FINANCE

Singapore wins $7.8B chip plant from TSMC-backed company and NXP

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The small Southeast Asian city of Singapore continues to attract multi-billion dollar semiconductor investments, muscling in on larger economies trying to grab their own share of the critical chip supply chain.

Vanguard International Semiconductor, a chipmaker backed by Taiwan Semiconductor Manufacturing Company, will team up with the Netherlands’ NXP Semiconductors to invest $7.8 billion in a new chip wafer plant in Singapore. The companies expect to begin construction later this year, with production coming online in 2027.

The plant will make mature chips, used for power management functions in cars, industrial products, and consumer goods, instead of the leading-edge chips used in cutting-edge phones and data centers. The facility is expected to create about 1,500 jobs.

A spokesperson from Singapore’s Economic Development Board, a government agency focused on promoting the country as an investment destination, said the new chip joint venture is testament to Singapore’s “attractiveness for semiconductor manufacturing and position as a critical global node for semiconductors.”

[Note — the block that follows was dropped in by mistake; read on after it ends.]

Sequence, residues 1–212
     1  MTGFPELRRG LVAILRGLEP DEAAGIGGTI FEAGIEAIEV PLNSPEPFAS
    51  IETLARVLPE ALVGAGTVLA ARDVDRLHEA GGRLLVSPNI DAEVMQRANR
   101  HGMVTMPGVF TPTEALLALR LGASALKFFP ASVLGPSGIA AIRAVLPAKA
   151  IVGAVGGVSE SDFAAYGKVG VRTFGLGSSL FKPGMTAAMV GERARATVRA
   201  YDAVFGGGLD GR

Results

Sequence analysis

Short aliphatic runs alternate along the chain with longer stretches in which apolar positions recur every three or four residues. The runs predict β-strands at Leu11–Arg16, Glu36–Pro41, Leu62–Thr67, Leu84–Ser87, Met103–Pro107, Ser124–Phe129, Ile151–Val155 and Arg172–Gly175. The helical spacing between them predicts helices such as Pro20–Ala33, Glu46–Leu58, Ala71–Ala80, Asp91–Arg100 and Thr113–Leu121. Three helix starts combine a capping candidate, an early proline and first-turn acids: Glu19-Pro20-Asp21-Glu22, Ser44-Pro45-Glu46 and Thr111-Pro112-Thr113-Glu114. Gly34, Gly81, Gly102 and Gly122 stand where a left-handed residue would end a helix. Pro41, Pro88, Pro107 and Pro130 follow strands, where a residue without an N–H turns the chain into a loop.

Singapore has a long history in semiconductor manufacturing, hosting its first chip facility in 1968. Electronics makes up almost half of the country’s manufacturing sector, which in turn contributes about 20% to its GDP.

The investment from Vanguard and NXP trumps earlier investment pledges from other chipmakers.

Two contract chipmakers, GlobalFoundries and UMC, announced $4 billion and $5 billion investment plans for Singapore in 2021 and 2022 respectively. Both companies have cited Singapore’s stable government and pre-existing semiconductor infrastructure. The country also offers tax incentives to manufacturers looking to invest.

Chips are an increasingly thorny commodity amid worsening relations between China and the U.S. Customers increasingly want manufacturing from different regions, and the trend to “geographically diversify is very strong,” NXP CEO Kurt Sievers told Bloomberg.

Chipmakers are investing in other Southeast Asian countries as well. Malaysia, which already has a developed semiconductor industry, is pitching itself as neutral territory for chipmakers trying to avoid geopolitics.

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